VC firms, or Venture Capital firms, invest money into startups with high growth potential. When startups use these investments wisely, their businesses are transformed and taken to new heights. Startups like Facebook, AirBnB, Uber and Canva have all raised funds from VC firms to fuel their explosive growth.
So, for a startup founder looking to raise funds, it is crucial to know how VC firms operate. Specifically, they should know whom to network with and the various ranks of employees/partners in a VC firm who will screen the startup before it is finalized for funding.
The positions available in a VC firm depend on its size and structure. If we were to look at the entire spectrum of positions, it would include the following:
Analysts– These are entry-level employees who have completed a Bachelor’s degree. They look out for investable startups, cold call them and schedule appointments of founders with more senior members of the VC firm. They analyze financial statements and business plans of investable companies. They regularly research the ongoing trends and innovations in industries in which the VC firm invests.
Associates– Similar to Analysts, Associates must have at least a Bachelor’s degree. They are promoted to this post after 2-3 years of being an Analyst. They are mainly responsible for conducting due diligence. VC firms conduct three types of due diligence on investable startups-initial screen, and financial and legal due diligence.
Associates assist with deal execution once startups are selected for funding, and maintain liaison with portfolio companies. They attend numerous events and workshops where startup founders can network with them. Subsequently, Associates present the most suitable startups to senior members of the organization.
Principal/ Venture Principle – Principals are senior members of the VC firm. They are experienced in working with startups, and are usually promoted from the position of Associate from the same firm or a different firm.
Although they cannot make investment decisions, they identify potential investee companies through referrals, help partners in the VC firm to evaluate those companies and determine appropriate fund sizes for the shortlisted ones. They also help negotiate the terms of investments and facilitate exits. In general, they handle investments related to a particular industry.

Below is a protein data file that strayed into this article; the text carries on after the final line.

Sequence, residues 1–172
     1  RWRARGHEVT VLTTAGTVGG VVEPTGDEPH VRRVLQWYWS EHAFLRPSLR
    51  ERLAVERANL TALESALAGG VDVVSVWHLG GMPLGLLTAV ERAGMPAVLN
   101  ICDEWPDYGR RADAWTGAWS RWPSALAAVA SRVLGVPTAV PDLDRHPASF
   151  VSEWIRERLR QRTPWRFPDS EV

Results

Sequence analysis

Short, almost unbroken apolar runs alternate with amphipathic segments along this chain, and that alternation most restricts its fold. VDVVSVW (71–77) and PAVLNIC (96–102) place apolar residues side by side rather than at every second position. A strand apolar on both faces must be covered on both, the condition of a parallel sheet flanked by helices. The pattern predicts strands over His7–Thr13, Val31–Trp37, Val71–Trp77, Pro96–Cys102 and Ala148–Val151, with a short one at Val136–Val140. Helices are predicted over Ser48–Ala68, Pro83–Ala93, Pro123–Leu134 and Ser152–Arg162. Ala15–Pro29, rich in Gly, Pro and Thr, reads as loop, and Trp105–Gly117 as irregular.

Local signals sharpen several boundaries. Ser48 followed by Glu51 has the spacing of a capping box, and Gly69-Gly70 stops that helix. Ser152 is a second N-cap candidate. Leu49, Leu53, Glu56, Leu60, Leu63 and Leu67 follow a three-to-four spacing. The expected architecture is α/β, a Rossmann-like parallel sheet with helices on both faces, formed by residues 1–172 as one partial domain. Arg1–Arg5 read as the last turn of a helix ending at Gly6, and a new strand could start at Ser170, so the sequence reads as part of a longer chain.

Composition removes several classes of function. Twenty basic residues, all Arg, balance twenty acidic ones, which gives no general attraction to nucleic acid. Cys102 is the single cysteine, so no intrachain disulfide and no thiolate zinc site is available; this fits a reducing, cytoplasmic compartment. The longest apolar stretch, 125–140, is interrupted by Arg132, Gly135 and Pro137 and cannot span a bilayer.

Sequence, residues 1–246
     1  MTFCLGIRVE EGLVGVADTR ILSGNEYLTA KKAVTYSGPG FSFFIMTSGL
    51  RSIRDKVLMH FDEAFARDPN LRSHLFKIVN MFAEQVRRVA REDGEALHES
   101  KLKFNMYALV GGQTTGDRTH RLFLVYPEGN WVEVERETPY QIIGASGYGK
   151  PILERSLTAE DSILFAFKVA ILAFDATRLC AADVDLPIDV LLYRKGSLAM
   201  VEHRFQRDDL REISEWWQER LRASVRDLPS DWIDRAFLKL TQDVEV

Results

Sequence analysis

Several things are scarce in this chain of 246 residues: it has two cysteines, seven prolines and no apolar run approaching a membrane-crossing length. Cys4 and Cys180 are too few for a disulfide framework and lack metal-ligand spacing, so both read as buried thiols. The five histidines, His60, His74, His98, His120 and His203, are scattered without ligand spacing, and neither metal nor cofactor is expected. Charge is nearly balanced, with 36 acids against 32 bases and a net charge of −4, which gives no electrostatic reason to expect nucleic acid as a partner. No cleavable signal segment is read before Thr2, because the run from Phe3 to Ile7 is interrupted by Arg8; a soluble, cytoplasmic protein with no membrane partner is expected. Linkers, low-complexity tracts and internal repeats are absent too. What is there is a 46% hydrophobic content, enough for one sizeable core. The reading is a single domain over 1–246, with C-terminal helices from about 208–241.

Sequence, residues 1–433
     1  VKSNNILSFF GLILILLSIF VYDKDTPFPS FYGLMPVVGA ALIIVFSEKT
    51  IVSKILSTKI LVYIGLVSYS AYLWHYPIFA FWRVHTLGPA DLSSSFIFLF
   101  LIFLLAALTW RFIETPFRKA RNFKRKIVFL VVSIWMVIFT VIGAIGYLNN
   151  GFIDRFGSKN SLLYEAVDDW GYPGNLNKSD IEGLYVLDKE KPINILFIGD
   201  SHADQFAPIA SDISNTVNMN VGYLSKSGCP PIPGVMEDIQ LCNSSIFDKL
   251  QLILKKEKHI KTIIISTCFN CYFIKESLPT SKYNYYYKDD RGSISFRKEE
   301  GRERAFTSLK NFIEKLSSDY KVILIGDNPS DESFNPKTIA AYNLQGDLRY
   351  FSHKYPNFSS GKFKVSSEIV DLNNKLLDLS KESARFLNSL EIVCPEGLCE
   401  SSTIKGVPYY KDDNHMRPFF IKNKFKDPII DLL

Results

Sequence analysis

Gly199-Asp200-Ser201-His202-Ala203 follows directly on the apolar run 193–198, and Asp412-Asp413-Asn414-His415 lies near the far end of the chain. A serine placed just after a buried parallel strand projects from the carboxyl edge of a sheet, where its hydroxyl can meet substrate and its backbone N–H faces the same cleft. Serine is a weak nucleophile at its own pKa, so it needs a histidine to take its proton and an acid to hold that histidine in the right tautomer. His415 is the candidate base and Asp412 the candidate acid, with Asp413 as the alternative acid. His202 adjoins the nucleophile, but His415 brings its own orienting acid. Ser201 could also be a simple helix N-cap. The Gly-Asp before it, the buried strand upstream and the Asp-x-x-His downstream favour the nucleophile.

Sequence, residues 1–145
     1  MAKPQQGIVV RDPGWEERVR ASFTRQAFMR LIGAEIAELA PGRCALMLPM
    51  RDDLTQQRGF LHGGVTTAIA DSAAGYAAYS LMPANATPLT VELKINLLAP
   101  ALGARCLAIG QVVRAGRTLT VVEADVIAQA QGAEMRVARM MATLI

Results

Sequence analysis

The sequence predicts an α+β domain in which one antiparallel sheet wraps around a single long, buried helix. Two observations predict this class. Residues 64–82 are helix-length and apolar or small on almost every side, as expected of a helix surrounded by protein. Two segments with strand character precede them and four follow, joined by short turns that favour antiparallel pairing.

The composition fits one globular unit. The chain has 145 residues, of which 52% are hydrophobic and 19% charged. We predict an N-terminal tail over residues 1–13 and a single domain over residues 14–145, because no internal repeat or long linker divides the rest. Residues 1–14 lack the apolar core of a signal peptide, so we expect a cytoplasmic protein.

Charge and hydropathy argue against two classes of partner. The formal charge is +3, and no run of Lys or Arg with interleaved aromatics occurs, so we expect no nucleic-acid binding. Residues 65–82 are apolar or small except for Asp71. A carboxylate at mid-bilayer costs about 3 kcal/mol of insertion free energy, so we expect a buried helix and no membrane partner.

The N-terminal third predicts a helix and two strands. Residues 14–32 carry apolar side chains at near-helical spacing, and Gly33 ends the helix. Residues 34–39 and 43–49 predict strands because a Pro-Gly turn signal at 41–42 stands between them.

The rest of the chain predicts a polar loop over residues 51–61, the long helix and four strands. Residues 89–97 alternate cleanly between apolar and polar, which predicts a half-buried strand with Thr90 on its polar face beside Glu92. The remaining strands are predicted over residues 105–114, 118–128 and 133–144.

Principals are on track to become partners in future, subject to the gains made from deals sourced by them. That is why they are also called “Partners in training”. Generally, they have a seat on the boards of portfolio startups and are eligible to earn carry (a share of profit from investment).
General Partners (GPs)- GPs raise funds from external investors, which the VC firm invests into startups. They are also the ones who take final decision on whether or not to invest in a company.
They choose whom to take on as new partners, as well as the terms of those partnerships. They receive a share of management fees and carry. To learn more about these, see this.
Apart from them, there are also Limited Partners (LPs) who contribute around 98% of the money in VC firms’ funds. However, they are external to the firm, meaning they are not part of the VC firm itself, and General Partners have to raise funds from these external investors before investing in startups. The VC firm has a limited partnership with these Limited Partners, wherein the General Partners assume unlimited liability and the Limited Partners assume limited liability for investments.
Find out more about VC firms and fundraising from the following articles.